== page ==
Another source of long-standing commentary is its car-oriented approach to accessibility, which only recently started to become improved. This brings us to the second question: What to expect from the new plans presented by the government? Is it good to see that politics has actually acknowledged the poor shape of both mobility infrastructure and street-urban design with respect to the site? Yes, it is, improvements are as welcome as needed. However, it is hard to accept that a seamless, comfortable connection of the district to other nodes in the country, notably its capital – provided by the tram – will not be ready before 2035 or 2038. That would be more than two decades after the Cité des Sciences was inaugurated. In the light of this timing: Is it serious to install displays on Belval streetscape that announce the coming of the tram—as if it would be tomorrow, not in 15 years …? Also, it remains to be seen whether hastily painted ‘pop-up bike lanes’ will improve the real situation, or just indicate bad conscience of the authorities.

The politics of infrastructure and planning at large scale

Inertia in changing infrastructure systems is well-known, and it is a common question whether large-scale urban projects should precede the provision of infrastructure, or follow it afterwards. Answering that question depends on market conditions, the pace of implementation, state funding etc. In the case of Belval, the proclaimed mobility revolution will be late, if at all, given the persistent flow of the poorly occupied automobile that has already gained supremacy today. This is due to the ‘relational’ setting of Luxembourg that depends on the influx of remote (that is, foreign) workforce, thus linked to the necessarily unbalanced relationship between housing and occupation. How many of those who will work in Belval do live around, or will do so in the foreseeable future? Do we create just another ‘terminal’ that maximizes throughput (in order to generate taxes), without adding a sense of place to the area? These are structural questions that new projects can’t escape from, but that are rarely asked or answered in the phase of conceptualization.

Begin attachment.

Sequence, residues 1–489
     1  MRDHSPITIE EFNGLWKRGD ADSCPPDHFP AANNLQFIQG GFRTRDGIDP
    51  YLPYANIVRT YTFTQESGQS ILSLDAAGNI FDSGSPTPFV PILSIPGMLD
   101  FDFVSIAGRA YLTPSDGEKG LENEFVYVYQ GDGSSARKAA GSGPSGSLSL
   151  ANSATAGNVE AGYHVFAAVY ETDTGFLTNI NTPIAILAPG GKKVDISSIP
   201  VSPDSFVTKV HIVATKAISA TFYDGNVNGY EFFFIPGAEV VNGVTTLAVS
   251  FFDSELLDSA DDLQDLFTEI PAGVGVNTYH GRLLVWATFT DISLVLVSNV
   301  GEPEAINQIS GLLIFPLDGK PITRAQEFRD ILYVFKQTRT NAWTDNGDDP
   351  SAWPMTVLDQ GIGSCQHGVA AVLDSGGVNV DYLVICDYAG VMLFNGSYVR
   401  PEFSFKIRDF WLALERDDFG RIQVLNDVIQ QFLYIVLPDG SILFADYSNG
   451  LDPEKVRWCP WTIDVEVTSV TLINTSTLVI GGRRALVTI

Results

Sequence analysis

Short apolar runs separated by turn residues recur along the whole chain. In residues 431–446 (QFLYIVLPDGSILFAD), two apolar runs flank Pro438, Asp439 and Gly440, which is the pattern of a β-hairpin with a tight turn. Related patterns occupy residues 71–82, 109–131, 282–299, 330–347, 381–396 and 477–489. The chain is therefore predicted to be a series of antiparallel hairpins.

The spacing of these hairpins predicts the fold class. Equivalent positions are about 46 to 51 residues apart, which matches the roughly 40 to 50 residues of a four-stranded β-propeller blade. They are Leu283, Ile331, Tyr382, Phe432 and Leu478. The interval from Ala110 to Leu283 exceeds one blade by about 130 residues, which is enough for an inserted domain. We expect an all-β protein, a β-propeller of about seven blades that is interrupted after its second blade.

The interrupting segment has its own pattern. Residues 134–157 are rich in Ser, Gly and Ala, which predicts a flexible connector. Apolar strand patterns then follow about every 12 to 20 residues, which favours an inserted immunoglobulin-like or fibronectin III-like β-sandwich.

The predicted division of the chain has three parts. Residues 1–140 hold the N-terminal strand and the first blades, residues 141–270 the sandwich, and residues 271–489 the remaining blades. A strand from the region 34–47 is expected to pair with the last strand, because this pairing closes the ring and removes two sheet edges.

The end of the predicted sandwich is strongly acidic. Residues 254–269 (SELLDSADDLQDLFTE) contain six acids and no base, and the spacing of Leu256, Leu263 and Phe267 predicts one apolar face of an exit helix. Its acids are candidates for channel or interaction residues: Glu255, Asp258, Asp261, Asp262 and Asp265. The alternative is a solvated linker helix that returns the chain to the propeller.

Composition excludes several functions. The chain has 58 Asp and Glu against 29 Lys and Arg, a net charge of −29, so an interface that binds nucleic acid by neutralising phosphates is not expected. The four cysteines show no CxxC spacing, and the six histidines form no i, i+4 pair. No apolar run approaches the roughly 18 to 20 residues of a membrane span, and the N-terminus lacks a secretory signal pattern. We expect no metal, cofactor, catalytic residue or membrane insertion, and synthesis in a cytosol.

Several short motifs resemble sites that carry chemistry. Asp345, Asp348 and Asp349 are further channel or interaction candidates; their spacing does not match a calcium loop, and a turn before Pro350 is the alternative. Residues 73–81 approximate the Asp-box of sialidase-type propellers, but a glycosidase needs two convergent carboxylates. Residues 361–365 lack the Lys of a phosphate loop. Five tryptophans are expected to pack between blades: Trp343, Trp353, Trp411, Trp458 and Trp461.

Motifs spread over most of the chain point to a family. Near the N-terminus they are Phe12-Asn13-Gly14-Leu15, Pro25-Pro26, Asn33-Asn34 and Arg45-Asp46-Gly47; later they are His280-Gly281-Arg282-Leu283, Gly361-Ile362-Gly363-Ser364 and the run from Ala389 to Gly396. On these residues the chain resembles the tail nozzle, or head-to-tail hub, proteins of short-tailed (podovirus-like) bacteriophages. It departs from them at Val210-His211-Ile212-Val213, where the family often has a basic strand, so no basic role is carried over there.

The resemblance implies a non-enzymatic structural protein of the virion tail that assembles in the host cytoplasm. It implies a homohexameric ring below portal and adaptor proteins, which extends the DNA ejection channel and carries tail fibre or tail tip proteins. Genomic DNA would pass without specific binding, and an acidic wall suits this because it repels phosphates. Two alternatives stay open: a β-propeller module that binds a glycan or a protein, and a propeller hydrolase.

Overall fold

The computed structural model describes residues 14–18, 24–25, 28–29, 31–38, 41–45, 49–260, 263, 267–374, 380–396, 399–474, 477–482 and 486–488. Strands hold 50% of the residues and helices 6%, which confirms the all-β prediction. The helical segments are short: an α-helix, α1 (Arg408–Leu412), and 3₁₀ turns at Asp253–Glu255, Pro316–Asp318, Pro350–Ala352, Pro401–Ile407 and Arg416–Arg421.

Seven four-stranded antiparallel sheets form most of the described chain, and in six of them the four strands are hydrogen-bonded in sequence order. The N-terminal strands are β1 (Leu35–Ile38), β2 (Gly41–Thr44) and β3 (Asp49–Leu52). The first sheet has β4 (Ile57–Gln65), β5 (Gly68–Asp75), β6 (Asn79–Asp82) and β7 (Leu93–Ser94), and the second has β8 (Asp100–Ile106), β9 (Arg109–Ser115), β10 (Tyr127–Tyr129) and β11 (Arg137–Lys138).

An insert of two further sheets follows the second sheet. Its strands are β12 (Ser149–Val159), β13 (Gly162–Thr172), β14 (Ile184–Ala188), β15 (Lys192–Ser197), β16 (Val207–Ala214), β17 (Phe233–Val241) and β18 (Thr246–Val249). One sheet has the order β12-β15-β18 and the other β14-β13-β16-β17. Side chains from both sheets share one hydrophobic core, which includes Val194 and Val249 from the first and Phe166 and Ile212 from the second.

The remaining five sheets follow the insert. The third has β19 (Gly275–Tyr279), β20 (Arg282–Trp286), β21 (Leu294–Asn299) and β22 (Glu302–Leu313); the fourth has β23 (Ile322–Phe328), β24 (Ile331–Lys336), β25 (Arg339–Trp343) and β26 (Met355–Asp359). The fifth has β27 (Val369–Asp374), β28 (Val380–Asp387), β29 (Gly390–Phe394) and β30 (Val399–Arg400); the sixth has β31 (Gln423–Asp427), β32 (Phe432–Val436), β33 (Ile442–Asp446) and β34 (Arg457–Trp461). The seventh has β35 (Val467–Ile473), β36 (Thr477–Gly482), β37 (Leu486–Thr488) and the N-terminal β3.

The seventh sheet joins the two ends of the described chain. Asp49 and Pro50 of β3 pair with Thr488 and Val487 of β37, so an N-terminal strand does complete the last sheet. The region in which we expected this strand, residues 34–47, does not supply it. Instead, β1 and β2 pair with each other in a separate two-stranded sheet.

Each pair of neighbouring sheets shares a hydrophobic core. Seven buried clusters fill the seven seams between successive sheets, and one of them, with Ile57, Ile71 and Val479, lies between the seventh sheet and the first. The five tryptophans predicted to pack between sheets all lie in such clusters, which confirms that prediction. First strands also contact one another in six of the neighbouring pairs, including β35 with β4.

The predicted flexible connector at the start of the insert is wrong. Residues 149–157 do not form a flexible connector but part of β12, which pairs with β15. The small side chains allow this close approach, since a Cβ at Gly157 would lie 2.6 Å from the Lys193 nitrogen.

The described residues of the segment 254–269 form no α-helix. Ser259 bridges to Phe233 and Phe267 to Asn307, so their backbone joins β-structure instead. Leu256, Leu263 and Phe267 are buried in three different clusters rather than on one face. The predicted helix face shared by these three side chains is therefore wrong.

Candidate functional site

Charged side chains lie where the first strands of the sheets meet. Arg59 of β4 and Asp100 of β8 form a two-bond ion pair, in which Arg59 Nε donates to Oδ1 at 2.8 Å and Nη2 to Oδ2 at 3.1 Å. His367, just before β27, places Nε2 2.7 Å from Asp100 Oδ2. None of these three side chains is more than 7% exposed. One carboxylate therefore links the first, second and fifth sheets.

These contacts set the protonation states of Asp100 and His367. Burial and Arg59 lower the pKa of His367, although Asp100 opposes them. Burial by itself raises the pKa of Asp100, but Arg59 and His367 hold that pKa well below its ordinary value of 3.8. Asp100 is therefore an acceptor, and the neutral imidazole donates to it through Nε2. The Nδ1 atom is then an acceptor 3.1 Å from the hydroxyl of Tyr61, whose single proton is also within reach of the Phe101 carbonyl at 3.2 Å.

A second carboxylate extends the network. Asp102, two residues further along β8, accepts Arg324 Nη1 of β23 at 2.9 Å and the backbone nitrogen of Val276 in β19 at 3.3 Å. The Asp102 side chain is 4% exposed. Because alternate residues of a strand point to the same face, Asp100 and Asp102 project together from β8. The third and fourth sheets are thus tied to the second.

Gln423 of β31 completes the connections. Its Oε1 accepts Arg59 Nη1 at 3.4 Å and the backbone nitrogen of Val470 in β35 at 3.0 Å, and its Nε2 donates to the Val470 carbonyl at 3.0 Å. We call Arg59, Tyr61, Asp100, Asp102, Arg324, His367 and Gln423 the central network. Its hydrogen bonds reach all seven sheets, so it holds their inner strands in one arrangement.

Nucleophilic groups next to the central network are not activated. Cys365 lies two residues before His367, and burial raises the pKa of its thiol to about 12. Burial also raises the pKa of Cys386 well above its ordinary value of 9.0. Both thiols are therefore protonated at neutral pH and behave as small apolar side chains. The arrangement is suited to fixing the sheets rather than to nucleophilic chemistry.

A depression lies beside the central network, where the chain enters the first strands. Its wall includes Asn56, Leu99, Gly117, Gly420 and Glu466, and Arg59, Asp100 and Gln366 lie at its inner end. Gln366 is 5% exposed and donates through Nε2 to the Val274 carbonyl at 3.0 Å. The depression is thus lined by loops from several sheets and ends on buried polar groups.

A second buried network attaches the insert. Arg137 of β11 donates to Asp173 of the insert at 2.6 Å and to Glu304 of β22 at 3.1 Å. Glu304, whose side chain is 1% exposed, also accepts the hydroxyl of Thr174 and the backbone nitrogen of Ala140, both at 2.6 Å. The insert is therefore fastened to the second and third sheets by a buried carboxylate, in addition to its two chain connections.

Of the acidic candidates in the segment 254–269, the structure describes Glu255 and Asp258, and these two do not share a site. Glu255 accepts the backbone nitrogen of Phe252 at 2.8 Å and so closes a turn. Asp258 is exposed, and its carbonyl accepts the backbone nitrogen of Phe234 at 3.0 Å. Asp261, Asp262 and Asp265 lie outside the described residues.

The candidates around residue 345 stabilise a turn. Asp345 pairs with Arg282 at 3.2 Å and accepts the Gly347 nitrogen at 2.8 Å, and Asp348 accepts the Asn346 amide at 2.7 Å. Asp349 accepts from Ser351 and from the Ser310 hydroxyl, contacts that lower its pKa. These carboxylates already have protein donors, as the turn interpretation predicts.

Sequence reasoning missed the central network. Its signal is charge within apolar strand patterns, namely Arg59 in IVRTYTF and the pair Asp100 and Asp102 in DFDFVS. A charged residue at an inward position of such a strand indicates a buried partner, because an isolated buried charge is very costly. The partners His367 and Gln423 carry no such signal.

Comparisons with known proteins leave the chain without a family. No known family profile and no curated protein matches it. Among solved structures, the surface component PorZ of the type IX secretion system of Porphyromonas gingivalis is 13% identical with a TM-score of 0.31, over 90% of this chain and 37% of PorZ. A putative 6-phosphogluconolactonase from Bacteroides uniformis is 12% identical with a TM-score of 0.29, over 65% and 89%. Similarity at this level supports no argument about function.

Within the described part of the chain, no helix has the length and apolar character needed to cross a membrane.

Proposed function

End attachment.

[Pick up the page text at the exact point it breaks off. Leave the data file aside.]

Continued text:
Apart from the technicalities that the concept brochure provides in the very detail over dozens of pages, we see some familiar patterns of development and planning policy, governance and governmentality (that is, the conduct of conduct). These include, first and foremost, the predominant state as the central actor. Municipalities use to play a minor role when it comes to strategic projects. This was already the case when Belval came into being; consequently, the mayors’ part in the presentation of the new project – while indeed being present at all – is limited to one out of 41 pages of the document. The lion’s share is taken over by state and state-led agencies. This principle already applied to the very beginning of Belval, which was localized based on state decision making in concert with the landowner, not following the preference of the municipality of Esch-sur-Alzette.